- The appropriate standard of care (the type of care and skill provided by the average doctor in the same or similar circumstances)
- That the doctor failed to adhere to the established standard of care
- That the child suffered a birth injury
- The child would not have been injured had the doctor not failed to adhere to the standard of care
The plaintiff must show that it is more likely than not that the birth injury occurred because of the doctor’s acts or omissions during the birth of the child. Failure on the part of the plaintiff to prove any one of these elements will result in the plaintiff losing his or her case.
Defenses to a Birth Injury Claim
There are three common defenses used by physicians who are facing a medical malpractice suit for a birth injury:
No Doctor-patient relationship. In order to maintain a malpractice suit, the doctor and patient had to have an established doctor-patient relationship. If the doctor did not provide treatment or care to the patient prior to an emergency delivery or C-section, it may be difficult for the plaintiff to prove a doctor-patient relationship existed. Some states have “Good Samaritan Acts” that immunize doctors from liability for helping people in emergency situations.
No deviation from the standard of care. One of the elements the plaintiff must prove to prevail on a birth injury claim is that the doctor deviated from the accepted standard of care. However, there may be more than one accepted standard of care. When there is more than one acceptable practice, the choice of the appropriate medical approach is left to the doctor’s good faith judgment. In such a case, if the doctor chooses a different standard of care that was reasonable under the circumstances and an error occurs, that error may not rise to the level of negligence.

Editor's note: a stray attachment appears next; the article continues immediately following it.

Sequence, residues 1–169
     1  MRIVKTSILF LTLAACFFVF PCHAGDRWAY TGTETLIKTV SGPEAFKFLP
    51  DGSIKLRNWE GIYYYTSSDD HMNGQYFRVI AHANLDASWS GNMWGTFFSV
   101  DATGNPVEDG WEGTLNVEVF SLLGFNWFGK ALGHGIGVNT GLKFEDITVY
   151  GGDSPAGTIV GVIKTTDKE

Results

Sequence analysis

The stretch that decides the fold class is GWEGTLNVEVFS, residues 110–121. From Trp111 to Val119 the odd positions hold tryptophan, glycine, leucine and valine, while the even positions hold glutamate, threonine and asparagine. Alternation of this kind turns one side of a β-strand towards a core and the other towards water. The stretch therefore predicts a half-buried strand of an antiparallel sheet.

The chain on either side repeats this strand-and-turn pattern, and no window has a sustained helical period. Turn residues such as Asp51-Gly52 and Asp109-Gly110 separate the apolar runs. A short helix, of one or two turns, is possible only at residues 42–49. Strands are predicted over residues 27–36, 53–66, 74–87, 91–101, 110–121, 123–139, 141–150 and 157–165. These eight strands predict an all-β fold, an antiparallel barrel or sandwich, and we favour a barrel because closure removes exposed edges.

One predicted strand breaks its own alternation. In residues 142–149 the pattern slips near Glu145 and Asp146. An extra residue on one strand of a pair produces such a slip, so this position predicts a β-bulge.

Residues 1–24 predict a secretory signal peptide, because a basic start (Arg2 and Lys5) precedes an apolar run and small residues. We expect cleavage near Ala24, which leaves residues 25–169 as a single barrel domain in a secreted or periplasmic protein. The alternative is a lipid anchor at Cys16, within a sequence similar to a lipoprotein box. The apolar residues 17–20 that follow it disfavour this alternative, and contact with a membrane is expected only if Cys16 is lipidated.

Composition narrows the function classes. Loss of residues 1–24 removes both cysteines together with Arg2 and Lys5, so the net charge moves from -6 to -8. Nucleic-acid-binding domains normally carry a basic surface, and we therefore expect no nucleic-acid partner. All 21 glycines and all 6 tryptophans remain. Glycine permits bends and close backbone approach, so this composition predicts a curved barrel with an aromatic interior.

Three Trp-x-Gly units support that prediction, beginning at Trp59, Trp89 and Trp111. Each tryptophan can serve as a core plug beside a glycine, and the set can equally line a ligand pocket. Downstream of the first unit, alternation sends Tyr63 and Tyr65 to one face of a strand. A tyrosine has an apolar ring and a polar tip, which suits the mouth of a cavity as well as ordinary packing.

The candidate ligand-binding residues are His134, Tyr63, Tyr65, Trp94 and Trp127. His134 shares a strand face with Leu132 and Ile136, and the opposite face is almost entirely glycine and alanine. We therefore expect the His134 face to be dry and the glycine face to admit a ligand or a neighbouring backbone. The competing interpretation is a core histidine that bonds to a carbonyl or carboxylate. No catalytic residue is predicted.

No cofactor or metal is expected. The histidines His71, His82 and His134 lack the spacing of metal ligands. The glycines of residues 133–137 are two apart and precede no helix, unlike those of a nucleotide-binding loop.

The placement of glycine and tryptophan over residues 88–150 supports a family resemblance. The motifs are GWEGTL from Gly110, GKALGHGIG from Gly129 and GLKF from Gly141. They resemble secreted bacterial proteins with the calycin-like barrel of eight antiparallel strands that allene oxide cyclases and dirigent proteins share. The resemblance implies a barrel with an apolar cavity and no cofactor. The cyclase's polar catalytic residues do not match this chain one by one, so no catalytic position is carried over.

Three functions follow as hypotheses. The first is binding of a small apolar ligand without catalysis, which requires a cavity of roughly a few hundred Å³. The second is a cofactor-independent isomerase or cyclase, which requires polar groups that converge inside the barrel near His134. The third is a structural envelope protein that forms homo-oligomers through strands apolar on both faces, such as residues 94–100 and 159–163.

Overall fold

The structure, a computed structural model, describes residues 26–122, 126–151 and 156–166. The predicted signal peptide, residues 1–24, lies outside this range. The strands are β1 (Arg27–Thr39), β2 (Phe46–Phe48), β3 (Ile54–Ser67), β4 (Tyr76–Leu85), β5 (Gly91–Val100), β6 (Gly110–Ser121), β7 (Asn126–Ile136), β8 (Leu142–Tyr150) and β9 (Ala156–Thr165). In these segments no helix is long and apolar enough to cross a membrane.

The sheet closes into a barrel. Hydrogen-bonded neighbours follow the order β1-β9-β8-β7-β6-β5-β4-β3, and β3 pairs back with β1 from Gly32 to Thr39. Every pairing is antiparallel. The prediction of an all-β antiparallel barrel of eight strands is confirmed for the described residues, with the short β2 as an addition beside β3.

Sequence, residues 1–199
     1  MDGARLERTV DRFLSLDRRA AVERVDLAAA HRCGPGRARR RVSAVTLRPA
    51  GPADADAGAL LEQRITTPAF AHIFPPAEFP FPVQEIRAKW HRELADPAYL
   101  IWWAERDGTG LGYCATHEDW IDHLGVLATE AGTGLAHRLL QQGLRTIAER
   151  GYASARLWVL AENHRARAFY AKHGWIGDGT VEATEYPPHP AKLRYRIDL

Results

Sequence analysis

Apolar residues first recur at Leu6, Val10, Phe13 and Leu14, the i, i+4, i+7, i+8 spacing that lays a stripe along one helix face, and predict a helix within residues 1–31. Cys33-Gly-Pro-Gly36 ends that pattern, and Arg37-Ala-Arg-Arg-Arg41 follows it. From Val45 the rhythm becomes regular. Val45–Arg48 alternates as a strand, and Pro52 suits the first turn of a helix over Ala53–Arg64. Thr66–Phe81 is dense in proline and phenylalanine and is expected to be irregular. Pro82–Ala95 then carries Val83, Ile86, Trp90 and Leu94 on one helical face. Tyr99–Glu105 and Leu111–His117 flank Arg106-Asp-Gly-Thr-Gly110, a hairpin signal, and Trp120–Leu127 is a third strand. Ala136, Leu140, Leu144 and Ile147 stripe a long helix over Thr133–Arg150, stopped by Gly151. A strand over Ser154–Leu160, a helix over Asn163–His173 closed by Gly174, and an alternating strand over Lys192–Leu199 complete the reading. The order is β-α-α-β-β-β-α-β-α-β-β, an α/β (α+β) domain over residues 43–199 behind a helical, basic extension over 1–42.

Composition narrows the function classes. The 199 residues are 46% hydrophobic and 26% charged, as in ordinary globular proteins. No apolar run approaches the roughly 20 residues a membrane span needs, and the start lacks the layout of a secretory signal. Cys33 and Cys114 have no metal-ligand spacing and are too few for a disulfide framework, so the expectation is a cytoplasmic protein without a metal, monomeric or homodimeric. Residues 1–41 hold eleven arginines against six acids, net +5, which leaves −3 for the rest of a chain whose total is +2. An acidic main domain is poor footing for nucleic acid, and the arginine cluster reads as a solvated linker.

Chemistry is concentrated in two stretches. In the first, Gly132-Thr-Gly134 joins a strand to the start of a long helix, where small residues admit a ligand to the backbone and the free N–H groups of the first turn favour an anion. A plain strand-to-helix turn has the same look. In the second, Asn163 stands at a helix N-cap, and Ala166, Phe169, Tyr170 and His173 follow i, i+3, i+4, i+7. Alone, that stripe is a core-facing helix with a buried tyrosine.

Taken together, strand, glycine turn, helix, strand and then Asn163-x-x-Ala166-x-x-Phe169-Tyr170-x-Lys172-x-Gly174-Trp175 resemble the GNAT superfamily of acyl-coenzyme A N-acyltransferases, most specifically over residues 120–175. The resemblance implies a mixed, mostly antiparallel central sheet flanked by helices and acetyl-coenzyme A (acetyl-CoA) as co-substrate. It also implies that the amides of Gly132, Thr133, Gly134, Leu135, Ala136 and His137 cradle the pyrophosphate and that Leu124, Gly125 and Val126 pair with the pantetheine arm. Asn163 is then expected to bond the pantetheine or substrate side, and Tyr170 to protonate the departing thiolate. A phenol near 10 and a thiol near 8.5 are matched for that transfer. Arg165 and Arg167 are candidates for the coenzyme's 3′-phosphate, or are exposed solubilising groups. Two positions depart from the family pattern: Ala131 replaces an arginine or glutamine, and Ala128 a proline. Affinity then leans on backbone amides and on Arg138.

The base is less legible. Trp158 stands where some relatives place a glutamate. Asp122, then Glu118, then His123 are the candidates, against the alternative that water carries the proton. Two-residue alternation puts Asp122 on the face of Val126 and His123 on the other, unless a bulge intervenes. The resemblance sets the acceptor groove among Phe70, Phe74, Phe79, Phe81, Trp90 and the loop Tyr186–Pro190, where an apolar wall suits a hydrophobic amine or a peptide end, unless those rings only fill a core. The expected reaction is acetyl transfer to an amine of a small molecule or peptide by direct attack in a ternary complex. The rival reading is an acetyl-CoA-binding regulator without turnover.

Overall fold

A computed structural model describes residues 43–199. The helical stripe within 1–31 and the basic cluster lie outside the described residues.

The doctor’s negligence did not cause the injury. Lastly, if the plaintiff can establish the standard of care and prove the doctor failed to adhere to that standard, the doctor may claim his or her negligence did not cause the child’s injury. For example, the injury could have resulted from the independent actions of a nurse, a genetic disorder or an injury to the mother while pregnant.
The child, mother and father may be entitled to damages stemming from a birth injury case. Some of the types of damages these parties may receive include:
- Pain and suffering
- Permanent physical disability
- Lost future wages of the child
- Emotional distress
- Loss of companionship
The specific types of damages you may be entitled to will depend on the facts of your case and applicable state or federal law. An attorney experienced in birth injury cases can discuss your options for recovery in greater detail.
Dealing with a birth injury to a child is never easy and always emotional. While not all birth injuries are legally actionable, yours may be. Contact Perey Law Group, PLLC in Seattle, Washington to speak with a medical malpractice attorney about your case. He or she can evaluate your claim and help you determine the best course of action to take for your unique circumstances.
DISCLAIMER: This site and any information contained herein are intended for informational purposes only and should not be construed as legal advice. Seek competent legal counsel for advice on any legal matter.